28. Toni Wein, “Gothic Desire in Charlotte Brontë’s Villette” in SEL: Studies in English Literature, 39 (1999), 733-46.
29. Wolstenholme, 72.
30. Matthew G. Lewis, The Monk, 1796, (New York: Grove P, 1952), 171.
31. See Richard Davenport-Hines, Gothic: Four Hundred Years of Excess, Horror, Evil and Ruin (New York: Farrar, Straus and Giroux, 1998).
32. Ibid., 173.
33. Brontë, 151.
34. Sedgwick, 52.
35. As Christina Crosby points out, Lucy will later, in her attack on the empty habit that lays upon her bed, refer to the nun as an “incubus.” Brontë, 451. Christina Crosby, “Charlotte Brontë’s Haunted Text” in SEL: Studies in English Literature, 1500-1900, 24, 4 (1984), 708.
36. Brontë, 152.
37. Ibid., 153.
38. Randa Helfield, “Confession as Cover-Up in Brontë’s Villette” in English Studies in Canada, 23 (1997), 59.
39. Brontë, 99.
40. Crosby, 711.
41. Sedgwick, 130.
42. Brontë, 347.
43. Sandra M. Gilbert and Susan Gubar, The Madwoman in the Attic: The Woman Writer and the Nineteenth-Century Literary Imagination (New Haven: Yale UP, 1979), 412.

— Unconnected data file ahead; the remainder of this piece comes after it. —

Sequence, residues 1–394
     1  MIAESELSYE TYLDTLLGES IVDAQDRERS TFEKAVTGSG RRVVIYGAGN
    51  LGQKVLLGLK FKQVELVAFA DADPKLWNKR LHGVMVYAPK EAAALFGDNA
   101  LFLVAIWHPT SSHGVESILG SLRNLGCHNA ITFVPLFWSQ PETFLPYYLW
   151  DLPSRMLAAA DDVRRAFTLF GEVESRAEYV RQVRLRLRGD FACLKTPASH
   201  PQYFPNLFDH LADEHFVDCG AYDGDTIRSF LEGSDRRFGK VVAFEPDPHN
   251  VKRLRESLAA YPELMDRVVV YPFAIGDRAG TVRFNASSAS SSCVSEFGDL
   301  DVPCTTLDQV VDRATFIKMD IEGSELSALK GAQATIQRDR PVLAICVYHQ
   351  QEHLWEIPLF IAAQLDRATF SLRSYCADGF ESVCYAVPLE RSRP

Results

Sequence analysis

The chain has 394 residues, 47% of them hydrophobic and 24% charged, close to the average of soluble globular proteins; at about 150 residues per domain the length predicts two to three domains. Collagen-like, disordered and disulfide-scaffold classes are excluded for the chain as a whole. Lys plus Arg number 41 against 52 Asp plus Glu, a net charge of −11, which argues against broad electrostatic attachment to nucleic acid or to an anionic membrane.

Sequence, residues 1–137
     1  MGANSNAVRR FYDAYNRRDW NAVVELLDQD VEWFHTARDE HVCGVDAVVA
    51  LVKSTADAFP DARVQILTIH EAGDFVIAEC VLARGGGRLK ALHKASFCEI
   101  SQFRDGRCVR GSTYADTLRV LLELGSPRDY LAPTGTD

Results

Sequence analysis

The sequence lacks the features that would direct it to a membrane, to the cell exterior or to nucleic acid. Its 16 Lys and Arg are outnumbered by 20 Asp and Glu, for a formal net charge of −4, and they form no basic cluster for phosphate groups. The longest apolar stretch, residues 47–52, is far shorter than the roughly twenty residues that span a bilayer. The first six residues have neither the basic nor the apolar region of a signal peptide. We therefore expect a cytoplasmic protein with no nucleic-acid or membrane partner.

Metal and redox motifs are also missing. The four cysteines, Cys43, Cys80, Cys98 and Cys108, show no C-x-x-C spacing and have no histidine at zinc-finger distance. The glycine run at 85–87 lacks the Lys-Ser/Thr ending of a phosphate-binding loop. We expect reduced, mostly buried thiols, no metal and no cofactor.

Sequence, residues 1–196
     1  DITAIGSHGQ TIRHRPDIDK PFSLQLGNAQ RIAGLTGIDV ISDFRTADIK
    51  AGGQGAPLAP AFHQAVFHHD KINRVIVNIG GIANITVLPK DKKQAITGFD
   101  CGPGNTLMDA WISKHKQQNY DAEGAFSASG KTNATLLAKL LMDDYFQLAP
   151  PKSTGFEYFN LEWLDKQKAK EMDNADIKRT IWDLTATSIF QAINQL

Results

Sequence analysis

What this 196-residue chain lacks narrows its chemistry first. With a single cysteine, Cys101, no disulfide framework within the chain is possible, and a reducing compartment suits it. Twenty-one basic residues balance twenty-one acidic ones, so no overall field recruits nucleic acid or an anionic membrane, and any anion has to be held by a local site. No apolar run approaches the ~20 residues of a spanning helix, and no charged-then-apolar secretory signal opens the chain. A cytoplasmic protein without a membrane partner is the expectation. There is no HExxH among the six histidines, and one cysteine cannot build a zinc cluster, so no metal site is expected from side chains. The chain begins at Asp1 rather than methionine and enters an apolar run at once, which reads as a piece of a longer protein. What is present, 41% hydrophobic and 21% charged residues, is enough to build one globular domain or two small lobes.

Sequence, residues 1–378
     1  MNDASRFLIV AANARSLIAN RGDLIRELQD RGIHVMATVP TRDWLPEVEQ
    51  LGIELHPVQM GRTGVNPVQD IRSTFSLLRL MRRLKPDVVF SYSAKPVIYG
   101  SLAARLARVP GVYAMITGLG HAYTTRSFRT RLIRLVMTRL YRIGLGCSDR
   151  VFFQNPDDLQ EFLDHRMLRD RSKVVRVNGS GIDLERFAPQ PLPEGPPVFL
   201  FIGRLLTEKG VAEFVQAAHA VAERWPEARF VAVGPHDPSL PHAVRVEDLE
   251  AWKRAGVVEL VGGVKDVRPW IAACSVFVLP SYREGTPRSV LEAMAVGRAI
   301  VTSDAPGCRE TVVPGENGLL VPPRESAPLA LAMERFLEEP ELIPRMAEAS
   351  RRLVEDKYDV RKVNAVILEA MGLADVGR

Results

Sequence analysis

44. Brontë, 439.
45. Ibid., 416.
46. James O’Rourke, Sex, Lies, and Autobiography: The Ethics of Confession (Charlottesville: U of Virginia P, 2006), 156.
47. Milbank, 157.
48. According to the Marxist-Feminist Literature Collective, “The condition for Aurora’s marriage which Barrett Browning sets in her narrative is that she retain her position as speaking subject.” The Marxist-Feminist Literature Collective. “Women’s Writing: Jane Eyre, Shirley, Villette, Aurora Leigh,” excerpted in Critical Essays on Elizabeth Barrett Browning, Ed. Sandra Donaldson (New York: G.K. & Hall, 1999), 102-111, 108.
49. Kathleen Renk, “Resurrecting the Living Dead: Elizabeth Barrett Browning’s Poetic Vision in Aurora Leigh” in Studies in Browning and His Circle, 23 (2000 May), 40-49, 40.
50. Linda M. Lewis, “Rape and Resurrection in Aurora Leigh,” Studies in Browning and His Circle, 19 (1991), 56-65, 56.
51. Ibid., 60.
52. Barrett Browning, 6.551-22.
53. Ibid., 6.769-770.
54. Barrett Browning, 6.1272-3.
55. Ibid., 6.1195-1202.
56. Ibid., 6.1246-1248.
57. Ibid., 6.1239-1245.
58. Ibid., 6.822-828.
59. Ibid., 9.389-396.
60. Willis, 160.
61. Braddon, 381.
62. Ibid., 256.
63. Ibid., 402.
64. Ibid., 250.
65. Ibid., 345.
66. Ibid., 377.
67. Ibid., 379-80.
68. Ibid., 3.
69. Ibid., 385.
70. Ibid., 388.
71. Ibid., 391.
72. Diana Peschier, Nineteenth-Century Anti-Catholic Discourses: The Case of Charlotte Brontë (New York: Palgrave, 2005), 164.
73. Braddon, 395.
74. Ibid., 4.
75. Ibid., 151.